- Open Access
A little bit is better than nothing: the incomplete parthenogenesis of salamanders, frogs and fish
© Lampert and Schartl; licensee BioMed Central Ltd. 2010
- Received: 18 May 2010
- Accepted: 9 June 2010
- Published: 3 August 2010
A re-examination of the mitochondrial genomes of unisexual salamander lineages, published in BMC Evolutionary Biology, shows them to be the oldest unisexual vertebrates known, having been around for 5 million years. This presents a challenge to the prediction that lack of genetic recombination is a fast track to extinction.
See research article http://www.biomedcentral.com/1471-2148/10/238
- Mitochondrial Genome
- Maternal Genome
- Bisexual Species
- Mole Salamander
- Unisexual Vertebrate
The question then arises: are the hypotheses about the consequences of the absence of recombination wrong, or are the age estimates? Most probably, both are correct. The solution to this paradox comes from the fact that many unisexual vertebrates have specialized ways to circumvent the lack of meiotic recombination in their nuclear genome (see ).
Although all unisexual female reproduction is often loosely called parthenogenesis (reproduction in the absence of fertilization of the egg), true parthenogenesis is much more restricted. Defined as the production of offspring by virgin females in the total absence of males, true parthenogenesis results in genetically identical clonal populations. In this exclusivity, true parthenoforms of vertebrates are only found in unisexual lizards and the single unisexual snake species known to date. The unisexual fish and amphibians, in contrast, reproduce by variations of parthenogenesis, which are incomplete and genetically leaky compared with true parthenogenesis.
A third form of leaky parthenogenesis found in some vertebrates is hybridogenesis. In this mode of reproduction, haploid oocytes are produced without meiosis. The oocytes are fertilized by sperm from a closely related bisexual species but the male genetic material is only present for a single generation; it is excluded during oocyte production and consequently is not passed on to the next generation, and so the oocytes always exclusively contain a maternal genome.
These leaky forms of parthenogenesis very rarely, or not so rarely, allow the inclusion of paternal genetic material in the oocyte. The consequence is a constitutive or occasional addition of 'fresh' genetic material that can slow down the degeneration process of Muller's ratchet and increase genetic diversity.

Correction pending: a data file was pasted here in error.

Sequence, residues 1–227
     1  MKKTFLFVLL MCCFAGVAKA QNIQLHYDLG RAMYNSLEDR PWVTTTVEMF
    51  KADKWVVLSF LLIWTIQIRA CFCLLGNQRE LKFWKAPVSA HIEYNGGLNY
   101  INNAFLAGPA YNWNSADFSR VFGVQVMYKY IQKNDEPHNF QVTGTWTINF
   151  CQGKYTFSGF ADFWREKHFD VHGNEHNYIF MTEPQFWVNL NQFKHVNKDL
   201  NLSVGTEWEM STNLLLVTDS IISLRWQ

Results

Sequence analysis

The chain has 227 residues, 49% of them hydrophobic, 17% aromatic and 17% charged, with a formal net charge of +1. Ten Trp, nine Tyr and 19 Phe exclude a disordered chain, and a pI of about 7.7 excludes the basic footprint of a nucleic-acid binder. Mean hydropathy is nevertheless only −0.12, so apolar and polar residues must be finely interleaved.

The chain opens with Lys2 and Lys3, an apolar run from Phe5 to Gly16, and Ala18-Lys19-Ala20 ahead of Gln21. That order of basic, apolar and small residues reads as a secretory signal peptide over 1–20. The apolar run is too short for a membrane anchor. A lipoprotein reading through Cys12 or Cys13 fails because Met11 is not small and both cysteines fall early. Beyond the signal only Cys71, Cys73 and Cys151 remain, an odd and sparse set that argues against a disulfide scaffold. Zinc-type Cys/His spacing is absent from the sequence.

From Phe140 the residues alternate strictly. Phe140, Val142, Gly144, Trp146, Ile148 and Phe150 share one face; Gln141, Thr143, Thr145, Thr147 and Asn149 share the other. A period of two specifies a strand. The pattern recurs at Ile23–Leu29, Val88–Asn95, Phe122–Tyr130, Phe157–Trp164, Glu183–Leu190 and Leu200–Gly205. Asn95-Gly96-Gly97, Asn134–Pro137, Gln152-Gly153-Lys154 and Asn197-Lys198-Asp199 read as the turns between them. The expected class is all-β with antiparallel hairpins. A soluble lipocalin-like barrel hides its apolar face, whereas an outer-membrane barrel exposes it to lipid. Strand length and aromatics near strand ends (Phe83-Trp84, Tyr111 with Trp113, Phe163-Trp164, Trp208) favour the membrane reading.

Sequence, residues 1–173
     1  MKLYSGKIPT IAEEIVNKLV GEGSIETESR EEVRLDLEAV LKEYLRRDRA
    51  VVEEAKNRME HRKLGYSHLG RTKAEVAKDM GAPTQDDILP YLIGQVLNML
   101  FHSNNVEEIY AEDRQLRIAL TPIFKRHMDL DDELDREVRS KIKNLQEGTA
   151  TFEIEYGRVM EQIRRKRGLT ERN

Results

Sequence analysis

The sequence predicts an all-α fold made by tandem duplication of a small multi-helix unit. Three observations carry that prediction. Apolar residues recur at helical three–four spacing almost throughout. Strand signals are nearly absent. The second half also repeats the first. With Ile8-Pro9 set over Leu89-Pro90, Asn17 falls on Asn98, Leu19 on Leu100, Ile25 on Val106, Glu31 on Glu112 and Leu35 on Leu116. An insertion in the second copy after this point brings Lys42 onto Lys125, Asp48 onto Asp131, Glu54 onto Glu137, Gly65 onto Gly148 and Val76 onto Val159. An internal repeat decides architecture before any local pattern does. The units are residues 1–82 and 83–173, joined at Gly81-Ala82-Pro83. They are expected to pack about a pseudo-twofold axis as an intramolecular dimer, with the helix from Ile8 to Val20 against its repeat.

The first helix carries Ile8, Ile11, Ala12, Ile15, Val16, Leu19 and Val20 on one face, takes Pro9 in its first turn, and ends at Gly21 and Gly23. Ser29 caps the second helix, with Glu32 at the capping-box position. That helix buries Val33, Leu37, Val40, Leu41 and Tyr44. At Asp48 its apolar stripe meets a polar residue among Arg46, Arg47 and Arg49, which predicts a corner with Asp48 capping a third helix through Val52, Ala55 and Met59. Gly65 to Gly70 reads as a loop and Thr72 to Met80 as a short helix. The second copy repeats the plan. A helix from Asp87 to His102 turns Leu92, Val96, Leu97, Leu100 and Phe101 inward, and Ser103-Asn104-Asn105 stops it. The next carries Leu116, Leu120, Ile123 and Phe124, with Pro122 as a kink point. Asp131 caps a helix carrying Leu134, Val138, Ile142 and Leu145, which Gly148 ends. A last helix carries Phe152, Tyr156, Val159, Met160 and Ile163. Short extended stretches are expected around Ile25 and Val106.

This then raises the question: why are unisexual vertebrate species so rare if they have found ways to decrease the negative impact of having no meiosis but simultaneously enjoy the advantage of enhanced population growth? An attractive hypothesis is that unisexuals are so rare not because they are under considerable disadvantage compared to their bisexual competitors, but because the genomic conditions under which they can arise are extremely rare . Evidence for this comes from a study on the gynogenetic Amazon Molly, P. formosana . The diploid genome of the asexual biotype is composed of one copy from its maternal ancestor, P. mexicana, and one copy from its paternal ancestor, P. latipinna. Both these species still live together at some places in northeast Mexico, and there has been ample opportunity for hybridization. In the laboratory, hybrids between these two species, carrying both genomes, are easily produced, but they are not the expected gynogens of the P. formosa type. P. formosa, like the mole salamanders, has been found to be monophyletic and of rather ancient origin. All this shows that the hybrid composition of the genome is not on its own sufficient to initiate asexuality. Only certain combinations of individual genomes from the genome pools of both species, and possibly additional mutations in the hybrid, can bring about the switch from bisexual to unisexual reproduction.
The paper by Bi and Bogart  is a crucial cornerstone to our understanding of the biology of unisexual vertebrates and the evolution of asexuality versus sexuality in general. The reproductive mode of kleptogenesis in the mole salamanders and the other mechanisms of incomplete parthenogenesis in unisexual fish and other amphibians have obviously ensured their long-term survival, and tell us that 'a little bit of sex' gives these organisms the best of both worlds - just enough genetic variation in addition to the mutations that generate new genotypes also in asexuals, plus the superior mode of propagation in the absence of males.
We thank the Deutsche Forschungsgemeinschaft for support.
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